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Contact: John Harlan Warren, 718-354-4608
SANDY HOOK, N.J - College student Rebeccah McGettigan sat by a former officer's quarters at Fort Hancock, part of Gateway National Recreation Area's Sandy Hook Unit, looking for bugs. "I saw a red caterpillar, but he got away," she fretted as she turned over rocks and shells. Near the bay side of the peninsula, her classmates from Georgian Court University in Lakewood, N.J., chased a Monarch butterfly.
These science students, along with park staff and over 150 volunteers, shared the same goal on September 16, 2011: identify as many species as possible in a 24-hour period. By the end of the Sandy Hook BioBlitz, they had located nearly 450 species, mostly birds, terrestrial plants and invertebrates. Final figures will be available at a later date.
Gateway, a 26,000-acre national park spanning New York and New Jersey, has hosted previous BioBlitz events at Floyd Bennett Field in Brooklyn and Jamaica Bay Wildlife Refuge in Queens, N.Y. This was the first BioBlitz held at Sandy Hook, one of the few barrier coastal environments in New Jersey. The American Littoral Society, which has an office at Sandy Hook's historic Fort Hancock, co-hosted the event. ALS is one of several natural science organizations with offices based at the park.
"We were founded by citizen scientists," said Stevie Thorsen, who coordinated the event for ALS. "Divers wanted a place to submit their data, so this BioBlitz is the kind of activity which is at our roots. It's also a way for us to celebrate our 50th anniversary this year." Thorsen also noted that the BioBlitz brings nature enthusiasts together in the field with scientists.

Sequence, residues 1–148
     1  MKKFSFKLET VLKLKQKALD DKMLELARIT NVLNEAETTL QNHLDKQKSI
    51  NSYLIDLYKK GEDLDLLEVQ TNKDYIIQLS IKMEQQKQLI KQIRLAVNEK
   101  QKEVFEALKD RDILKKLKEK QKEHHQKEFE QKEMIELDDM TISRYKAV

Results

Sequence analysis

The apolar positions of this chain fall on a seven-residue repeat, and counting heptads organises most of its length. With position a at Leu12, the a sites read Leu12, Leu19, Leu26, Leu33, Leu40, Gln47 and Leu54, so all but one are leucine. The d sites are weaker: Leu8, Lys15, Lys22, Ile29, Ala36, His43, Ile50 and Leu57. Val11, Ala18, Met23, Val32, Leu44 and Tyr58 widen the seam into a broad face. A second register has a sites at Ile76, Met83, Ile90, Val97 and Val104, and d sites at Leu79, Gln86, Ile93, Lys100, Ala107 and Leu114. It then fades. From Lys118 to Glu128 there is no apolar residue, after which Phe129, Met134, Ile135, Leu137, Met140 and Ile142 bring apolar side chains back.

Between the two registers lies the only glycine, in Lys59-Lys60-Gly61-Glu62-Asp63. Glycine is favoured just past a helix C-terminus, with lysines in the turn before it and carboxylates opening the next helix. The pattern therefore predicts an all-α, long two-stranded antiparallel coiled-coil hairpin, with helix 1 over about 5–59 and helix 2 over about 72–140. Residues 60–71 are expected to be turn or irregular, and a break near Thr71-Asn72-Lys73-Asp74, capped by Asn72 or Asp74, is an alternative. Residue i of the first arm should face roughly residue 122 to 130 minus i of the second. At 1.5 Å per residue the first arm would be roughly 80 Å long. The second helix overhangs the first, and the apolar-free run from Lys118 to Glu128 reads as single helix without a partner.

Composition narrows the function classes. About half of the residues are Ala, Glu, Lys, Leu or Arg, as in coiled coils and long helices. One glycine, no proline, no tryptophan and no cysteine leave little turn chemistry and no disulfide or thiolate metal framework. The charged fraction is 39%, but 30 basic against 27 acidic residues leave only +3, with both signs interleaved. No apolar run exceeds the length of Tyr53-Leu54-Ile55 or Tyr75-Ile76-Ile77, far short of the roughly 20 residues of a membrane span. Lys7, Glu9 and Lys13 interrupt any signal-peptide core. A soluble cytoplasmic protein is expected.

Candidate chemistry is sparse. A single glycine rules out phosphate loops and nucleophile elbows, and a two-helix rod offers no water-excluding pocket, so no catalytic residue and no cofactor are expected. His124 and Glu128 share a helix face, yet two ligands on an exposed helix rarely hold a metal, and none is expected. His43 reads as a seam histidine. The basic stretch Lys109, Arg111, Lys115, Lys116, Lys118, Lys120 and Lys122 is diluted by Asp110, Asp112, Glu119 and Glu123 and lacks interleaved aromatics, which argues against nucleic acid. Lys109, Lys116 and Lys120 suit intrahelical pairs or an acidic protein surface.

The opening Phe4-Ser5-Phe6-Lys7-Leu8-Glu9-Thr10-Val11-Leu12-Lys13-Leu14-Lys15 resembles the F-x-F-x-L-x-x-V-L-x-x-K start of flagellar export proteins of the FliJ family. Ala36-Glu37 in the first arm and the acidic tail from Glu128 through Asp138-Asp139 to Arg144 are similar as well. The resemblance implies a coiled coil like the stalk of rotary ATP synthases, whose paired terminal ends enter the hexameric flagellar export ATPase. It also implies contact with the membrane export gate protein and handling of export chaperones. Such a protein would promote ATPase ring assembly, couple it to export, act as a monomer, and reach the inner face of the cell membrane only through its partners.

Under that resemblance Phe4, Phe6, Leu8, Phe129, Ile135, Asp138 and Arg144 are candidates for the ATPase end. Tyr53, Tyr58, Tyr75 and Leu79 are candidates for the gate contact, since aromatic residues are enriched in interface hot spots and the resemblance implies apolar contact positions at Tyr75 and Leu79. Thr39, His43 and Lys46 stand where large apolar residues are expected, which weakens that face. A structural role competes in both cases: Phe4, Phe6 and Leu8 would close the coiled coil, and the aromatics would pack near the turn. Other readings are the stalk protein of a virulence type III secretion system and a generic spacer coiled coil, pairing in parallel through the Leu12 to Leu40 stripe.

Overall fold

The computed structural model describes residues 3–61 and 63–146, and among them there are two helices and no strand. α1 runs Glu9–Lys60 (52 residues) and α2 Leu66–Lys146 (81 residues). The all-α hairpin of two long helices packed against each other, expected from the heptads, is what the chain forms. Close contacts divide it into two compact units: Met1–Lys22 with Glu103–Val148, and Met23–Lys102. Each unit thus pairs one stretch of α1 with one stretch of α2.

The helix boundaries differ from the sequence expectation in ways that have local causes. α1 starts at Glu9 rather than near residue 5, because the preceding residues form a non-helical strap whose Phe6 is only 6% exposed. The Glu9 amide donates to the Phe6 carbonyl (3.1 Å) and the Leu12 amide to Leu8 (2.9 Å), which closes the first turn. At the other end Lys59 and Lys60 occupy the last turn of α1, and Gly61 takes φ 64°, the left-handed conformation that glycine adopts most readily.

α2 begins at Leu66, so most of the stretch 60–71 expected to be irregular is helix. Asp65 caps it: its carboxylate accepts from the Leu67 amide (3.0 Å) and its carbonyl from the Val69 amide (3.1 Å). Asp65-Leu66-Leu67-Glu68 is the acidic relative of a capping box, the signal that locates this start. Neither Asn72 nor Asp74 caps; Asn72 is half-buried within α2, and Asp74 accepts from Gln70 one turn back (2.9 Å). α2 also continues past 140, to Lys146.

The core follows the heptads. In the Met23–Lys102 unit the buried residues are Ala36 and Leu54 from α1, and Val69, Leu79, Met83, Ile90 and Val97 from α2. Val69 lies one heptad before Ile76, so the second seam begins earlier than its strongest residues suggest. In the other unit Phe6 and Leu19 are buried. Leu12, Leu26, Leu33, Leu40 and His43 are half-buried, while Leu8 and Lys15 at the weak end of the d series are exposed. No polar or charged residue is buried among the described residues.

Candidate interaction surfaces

According to Gateway Superintendent Linda Canzanelli, the data gathered from this "wildlife snapshot" will help the National Park Service make better decisions about the future of Sandy Hook. She noted that students from the Marine Academy for Science and Technology, a high school located at the park, would be helping gather data along with experts from Rutgers University, Brookdale Community College, NOAA and New Jersey Sea Grant, among other organizations.
Several educational activities, which participants found enjoyable took place during the BioBlitz as well. Middle school students seined in Horseshoe Bay at sunset and volunteers learned how to build protective exclosures for a coastal bird species that favors Sandy Hook during the summer called the piping plover.
Sandy Hook reveals a secret world in the shadow of New York City, said ALS Executive Director Tim Dillingham. "It's a wide-open space in the middle of a vast urban area. Here, people can experience wilderness right at the doorstep of 24 million people and we always find surprises here."
Jessica Browning, biologist at Gateway, said Sandy Hook's two million beachgoers depend on the natural rhythms of the beach habitat and biodiversity helps save Sandy Hook's beaches. "Last month [during Hurricane Irene], the beaches and dunes held together because of beach grasses, goldenrod and even poison ivy. Plants need pollinators like bees and bats to hold the beach in place," explained Browning.
"Now with sea level rise and climate change, the data we gather is particularly important because the things that are here now may not be here in a couple of years," Browning said.